If you have a skin issue that you feel may be cancerous, it’s easy to jump into panic mode. There are so many warnings these days about wearing sunscreen and avoiding skin cancer, that it can be a little scary to find that you actually have what everyone is trying to avoid. But, before you start worrying, it’s important to understand that there are different types of skin cancer, and many can be safely removed with great success. Keep reading to learn about the Moh’s surgery procedure, and how it can be used to help remove cancerous spots from your skin.
The roots of skin cancer may extend beyond the visible portion of the tumor, and it’s important to collect all of the pertinent tissue. If the roots aren’t removed, cancer will come back. A surgery starts with your provider examining the visible lesion and determining what tissue to remove. You will receive local anesthesia before the surgery starts.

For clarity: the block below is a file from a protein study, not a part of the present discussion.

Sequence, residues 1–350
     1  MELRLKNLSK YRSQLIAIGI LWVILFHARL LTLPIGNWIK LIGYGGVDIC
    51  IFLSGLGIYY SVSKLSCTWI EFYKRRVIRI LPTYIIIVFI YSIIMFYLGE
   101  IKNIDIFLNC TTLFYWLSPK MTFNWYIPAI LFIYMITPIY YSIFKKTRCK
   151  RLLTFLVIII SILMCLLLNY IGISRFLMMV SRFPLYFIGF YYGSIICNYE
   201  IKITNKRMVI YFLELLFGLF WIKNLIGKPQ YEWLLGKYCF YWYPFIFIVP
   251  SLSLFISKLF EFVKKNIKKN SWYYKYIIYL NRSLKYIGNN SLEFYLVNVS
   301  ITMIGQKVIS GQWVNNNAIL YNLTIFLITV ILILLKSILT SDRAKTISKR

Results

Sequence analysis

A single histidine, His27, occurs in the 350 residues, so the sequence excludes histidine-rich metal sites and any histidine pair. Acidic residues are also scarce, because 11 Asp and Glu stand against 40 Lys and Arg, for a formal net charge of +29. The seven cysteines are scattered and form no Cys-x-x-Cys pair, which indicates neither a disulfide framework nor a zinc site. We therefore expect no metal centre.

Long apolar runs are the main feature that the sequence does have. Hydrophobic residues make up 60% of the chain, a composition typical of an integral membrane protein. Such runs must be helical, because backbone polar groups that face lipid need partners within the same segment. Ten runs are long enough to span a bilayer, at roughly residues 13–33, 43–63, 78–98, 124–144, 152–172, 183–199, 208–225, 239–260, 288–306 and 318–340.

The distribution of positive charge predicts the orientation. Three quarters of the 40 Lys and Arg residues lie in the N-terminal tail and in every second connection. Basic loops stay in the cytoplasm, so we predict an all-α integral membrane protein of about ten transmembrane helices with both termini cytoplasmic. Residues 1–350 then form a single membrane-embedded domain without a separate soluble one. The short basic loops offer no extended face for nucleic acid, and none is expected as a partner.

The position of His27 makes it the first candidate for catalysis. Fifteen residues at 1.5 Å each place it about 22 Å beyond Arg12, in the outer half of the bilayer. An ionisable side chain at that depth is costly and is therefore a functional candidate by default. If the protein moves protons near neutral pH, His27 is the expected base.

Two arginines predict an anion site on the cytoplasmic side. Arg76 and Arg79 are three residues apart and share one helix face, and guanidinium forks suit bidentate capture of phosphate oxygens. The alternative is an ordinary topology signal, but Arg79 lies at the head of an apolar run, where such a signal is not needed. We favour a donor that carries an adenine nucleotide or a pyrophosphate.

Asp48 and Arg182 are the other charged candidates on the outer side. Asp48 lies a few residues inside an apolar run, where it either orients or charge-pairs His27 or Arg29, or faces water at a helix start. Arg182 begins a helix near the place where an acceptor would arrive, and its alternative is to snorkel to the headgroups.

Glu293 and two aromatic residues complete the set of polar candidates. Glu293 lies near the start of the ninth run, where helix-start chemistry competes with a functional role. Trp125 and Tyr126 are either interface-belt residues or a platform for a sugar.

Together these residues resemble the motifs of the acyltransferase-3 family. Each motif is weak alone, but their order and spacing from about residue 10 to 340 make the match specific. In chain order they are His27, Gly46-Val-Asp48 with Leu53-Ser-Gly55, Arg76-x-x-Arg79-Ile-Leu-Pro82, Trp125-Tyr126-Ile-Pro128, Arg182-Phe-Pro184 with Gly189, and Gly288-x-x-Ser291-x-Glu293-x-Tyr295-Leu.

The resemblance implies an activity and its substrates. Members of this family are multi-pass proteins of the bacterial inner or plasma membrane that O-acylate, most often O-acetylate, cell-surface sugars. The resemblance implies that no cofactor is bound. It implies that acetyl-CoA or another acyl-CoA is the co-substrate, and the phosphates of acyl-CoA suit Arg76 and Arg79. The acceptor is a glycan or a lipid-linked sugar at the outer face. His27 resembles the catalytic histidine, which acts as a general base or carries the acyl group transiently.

We remove the visible portion of the tumor using careful surgical techniques.
We next remove a deeper layer of skin and split it up into sections. These sections are then color-coded with dyes. We make reference marks on the skin to show the source of each section. A map of the surgical site is then drawn so we can track exactly where each portion of tissue came from on your skin.
In a laboratory, your provider will use a microscope to examine the undersurface and edges of each section of tissue, looking for any signs of cancer.
If we find cancer cells under the microscope, we mark their location on the “map” and returns to the patient to remove another slightly deeper layer of skin.
The removal process stops when there is no longer any evidence of cancer in the surgical site. Because Moh’s surgery removes only tissue containing cancer, it means making the smallest scar and leaving the most healthy skin intact.